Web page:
How to Stop Siblings Fighting All the Time
If you have more than one child in your family, siblings fighting is likely a common occurrence in your household. There are many wonderful roles that siblings play in each other’s lives – friend, playmate, confidant. But they also can be each other’s rival, competitor, and worst enemy at times.
As upsetting as siblings fighting can be, it’s very normal because of the many differences between siblings – their age, stage of development, temperament, interests and (just like with adults) it’s not uncommon for individuals to have disagreements and get on each other’s nerves when they spend a lot of time together. Below are some strategies for parents to help foster sibling relationships, manage the squabbles and create a harmonious home where siblings learn how to relate to and enjoy one another.
How to Stop Siblings Fighting All. The. Time.
Focus on the positive
Between the squabbles, there are often many positive interactions that exist between siblings, but these activities go unnoticed or at least uncelebrated. Parents sometimes place more focus and emphasis on the negative interactions, which seems to make sense as the fighting between siblings can be extremely disruptive and require attention in the heat of the moment. However, positive reinforcement is one of the most effective tools for parents to modify unwanted behaviour.
Children who receive positive reinforcement for the great things they do are motivated to continue. Be aware of the kind, helpful and fun actions that your children do for one other – they offer a perfect opportunity for reinforcement. If you do hear or see something great, acknowledge these actions and highlight how they make the other child feel. “Max, thank you for helping your brother with his shoes, now we’ll all be on time for school.” Or “Lucy it was so kind that you stayed to watch your brother play soccer; I could tell that he was pumped you were here to watch him score.”
Strengthen Sibling Relationships
It’s important to engage in different activities within your household that promote positive relationships between siblings. For example, building sibling connections into your family’s daily routine (saying goodnight to each other), encouraging siblings to support and celebrate one another (attending each other’s extracurricular activities like sports games or dance or music recitals) and providing shared experiences. A great way to implement some shared experiences into your family’s daily routines are through family rituals and traditions, learning a new skill together, family games (if possible have the siblings team up and play against the parents – this provides an incentive for the kids to work together) and unique outings or adventures.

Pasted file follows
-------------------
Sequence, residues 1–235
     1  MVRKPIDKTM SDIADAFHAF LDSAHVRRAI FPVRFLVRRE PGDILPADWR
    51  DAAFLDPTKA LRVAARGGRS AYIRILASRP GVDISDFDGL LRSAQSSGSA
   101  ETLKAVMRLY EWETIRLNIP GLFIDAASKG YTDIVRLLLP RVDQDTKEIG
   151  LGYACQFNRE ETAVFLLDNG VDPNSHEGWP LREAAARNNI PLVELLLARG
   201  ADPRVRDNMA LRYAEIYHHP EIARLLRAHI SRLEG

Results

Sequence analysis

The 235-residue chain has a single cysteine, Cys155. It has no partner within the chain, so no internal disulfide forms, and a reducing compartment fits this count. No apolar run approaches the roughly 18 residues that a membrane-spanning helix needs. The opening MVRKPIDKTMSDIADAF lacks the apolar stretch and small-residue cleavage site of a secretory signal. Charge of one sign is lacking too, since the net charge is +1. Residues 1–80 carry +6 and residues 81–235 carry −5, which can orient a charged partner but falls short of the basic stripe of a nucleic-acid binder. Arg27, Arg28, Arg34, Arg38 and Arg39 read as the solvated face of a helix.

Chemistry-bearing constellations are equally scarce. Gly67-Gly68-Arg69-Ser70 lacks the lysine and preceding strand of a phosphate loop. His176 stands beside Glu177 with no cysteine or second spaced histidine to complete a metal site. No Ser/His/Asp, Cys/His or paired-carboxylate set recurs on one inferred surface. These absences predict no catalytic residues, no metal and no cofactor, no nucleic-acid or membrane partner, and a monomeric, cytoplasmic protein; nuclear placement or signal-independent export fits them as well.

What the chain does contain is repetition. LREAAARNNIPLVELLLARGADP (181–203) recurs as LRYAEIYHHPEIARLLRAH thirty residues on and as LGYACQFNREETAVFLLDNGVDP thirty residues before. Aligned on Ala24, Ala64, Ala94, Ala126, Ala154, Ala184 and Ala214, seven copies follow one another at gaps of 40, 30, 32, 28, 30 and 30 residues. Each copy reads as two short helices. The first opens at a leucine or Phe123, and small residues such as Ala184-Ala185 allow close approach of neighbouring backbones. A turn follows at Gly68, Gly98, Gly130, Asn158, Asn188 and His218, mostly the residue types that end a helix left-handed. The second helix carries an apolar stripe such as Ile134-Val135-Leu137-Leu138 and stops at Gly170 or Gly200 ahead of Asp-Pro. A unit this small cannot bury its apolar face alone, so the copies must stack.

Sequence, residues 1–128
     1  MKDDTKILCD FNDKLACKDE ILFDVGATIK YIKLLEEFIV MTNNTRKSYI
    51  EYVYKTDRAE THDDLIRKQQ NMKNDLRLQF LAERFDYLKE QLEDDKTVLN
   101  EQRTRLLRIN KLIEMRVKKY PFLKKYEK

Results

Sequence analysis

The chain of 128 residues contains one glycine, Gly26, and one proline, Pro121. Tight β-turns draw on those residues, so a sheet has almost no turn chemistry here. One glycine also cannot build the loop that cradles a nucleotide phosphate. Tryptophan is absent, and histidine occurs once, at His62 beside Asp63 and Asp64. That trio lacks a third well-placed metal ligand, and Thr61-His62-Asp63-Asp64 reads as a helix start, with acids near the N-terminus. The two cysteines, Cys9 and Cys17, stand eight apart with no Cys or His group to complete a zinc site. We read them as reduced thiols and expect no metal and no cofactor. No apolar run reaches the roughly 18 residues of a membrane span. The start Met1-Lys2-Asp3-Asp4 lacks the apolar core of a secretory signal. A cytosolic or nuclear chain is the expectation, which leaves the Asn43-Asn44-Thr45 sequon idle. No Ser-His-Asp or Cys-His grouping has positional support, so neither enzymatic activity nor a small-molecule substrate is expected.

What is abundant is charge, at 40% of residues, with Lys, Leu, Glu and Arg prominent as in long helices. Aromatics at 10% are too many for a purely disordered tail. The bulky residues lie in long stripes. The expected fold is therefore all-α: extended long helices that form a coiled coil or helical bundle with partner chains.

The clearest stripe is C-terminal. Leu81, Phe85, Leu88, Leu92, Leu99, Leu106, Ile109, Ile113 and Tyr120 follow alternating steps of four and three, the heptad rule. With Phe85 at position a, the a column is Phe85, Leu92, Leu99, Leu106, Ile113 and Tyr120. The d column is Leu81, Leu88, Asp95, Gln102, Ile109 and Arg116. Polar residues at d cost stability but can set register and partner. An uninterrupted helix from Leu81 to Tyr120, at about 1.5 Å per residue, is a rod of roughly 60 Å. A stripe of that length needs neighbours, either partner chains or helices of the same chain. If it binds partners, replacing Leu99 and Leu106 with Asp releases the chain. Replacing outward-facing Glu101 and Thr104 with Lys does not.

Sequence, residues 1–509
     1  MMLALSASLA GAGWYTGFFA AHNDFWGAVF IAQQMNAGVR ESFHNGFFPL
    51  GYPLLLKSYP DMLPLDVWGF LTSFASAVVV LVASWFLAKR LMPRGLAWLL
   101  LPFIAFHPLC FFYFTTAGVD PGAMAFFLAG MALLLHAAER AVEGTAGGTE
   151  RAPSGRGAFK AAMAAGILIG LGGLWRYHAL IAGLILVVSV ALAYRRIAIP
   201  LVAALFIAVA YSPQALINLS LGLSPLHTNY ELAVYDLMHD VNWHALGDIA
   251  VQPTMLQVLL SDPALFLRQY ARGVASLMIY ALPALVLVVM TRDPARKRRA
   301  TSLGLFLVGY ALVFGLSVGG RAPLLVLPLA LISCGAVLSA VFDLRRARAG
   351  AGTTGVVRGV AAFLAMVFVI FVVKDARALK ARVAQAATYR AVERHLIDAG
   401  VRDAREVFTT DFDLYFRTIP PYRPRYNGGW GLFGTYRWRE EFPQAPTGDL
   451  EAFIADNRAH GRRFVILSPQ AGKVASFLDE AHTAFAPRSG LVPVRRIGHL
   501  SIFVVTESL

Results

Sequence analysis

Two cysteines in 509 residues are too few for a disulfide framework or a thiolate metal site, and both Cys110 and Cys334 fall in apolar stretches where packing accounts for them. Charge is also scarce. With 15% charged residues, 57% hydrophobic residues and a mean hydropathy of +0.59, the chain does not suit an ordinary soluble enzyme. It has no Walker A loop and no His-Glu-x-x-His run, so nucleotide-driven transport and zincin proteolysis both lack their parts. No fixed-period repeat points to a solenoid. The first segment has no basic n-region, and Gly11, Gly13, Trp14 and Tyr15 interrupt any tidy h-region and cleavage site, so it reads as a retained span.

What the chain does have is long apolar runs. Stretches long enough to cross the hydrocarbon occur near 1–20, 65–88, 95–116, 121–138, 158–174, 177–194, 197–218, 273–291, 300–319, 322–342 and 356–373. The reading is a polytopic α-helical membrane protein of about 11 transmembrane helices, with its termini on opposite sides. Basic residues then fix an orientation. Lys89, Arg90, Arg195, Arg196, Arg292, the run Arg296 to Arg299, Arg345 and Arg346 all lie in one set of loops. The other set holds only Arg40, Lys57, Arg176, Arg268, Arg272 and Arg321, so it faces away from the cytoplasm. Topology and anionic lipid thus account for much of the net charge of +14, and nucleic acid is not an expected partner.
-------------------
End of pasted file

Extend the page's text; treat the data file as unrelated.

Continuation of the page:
Start these activities early on in your children’s lives to help them grow and develop with their sibling and understand the value of the sibling relationship.
Even with the best-laid plans, sibling fighting is inevitable. It’s important for parents to teach their children how to disagree with each other respectfully. We can’t force our kids to get along all of the time, but we can expect that they are kind to one another and treat each other how they would like to be treated. Below are some strategies on how to support your children in the heat of the moment when they’re fighting:
Sometimes siblings fight with one another because they learn that it’s an effective way to get attention from their parents. Although the attention they get is not positive, it does make us stop what we are doing and intervene; therefore, the fighting becomes successful. Sometimes it’s best for parents to just hold back (if the fighting isn’t dangerous or harmful, of course!). By holding back, you’re doing two things: (1) you’re not giving the behaviour immediate attention and (2) giving kids space they are able to work out the disagreement independently or realize it’s not a big deal and move on.
The 3 Times Rule
The 3 Times Rule is something that I came up with to help my kids learn how to solve conflict with their words and to stop them from bringing me into solving the dispute (aka tattle-telling). Tell your children that if their sibling is doing something that they would like them to stop (coming into their room or ruining their play experience) they need to say “stop” firmly but in a normal voice. If the sibling doesn’t stop, tell them to say it again but louder. And, if they still don’t stop, tell them to say it again very loud. This will alert you or the leader in the space to come help with the situation and it might also encourage the other person to stop. Not only is this a great skill to teach your kids to solve their sibling fights, but it’s also a great way to teach and practice consent with others!
Teach Your Children Problem Solving Skills
Problem-solving is something that we all need to learn; it is not something that we are born with. When your children are having a disagreement over something tangible – who sits where at the table or who gets to play with the toy – use this as an opportunity to teach your children problem-solving skills. Often during these disagreements, parents will go over and stop the fighting by dictating who does what or goes where. This is not the most effective strategy when we want our kids to know how to problem solve on their own, and can lead to imposing your ideas onto your kids which can also not be well received.
Instead, go over and say “Hey guys, it looks like we have a problem.” Present the problem to them and ask them if they have any ideas on how to solve it. You will be surprised, they will have some good ideas and they will be much more likely to follow through on the solution as the ideas are their own. Extra tip: If the squabble is over an object – hold that object during the problem-solving exercise – this takes the emotion out of it and helps them focus on solving the problem.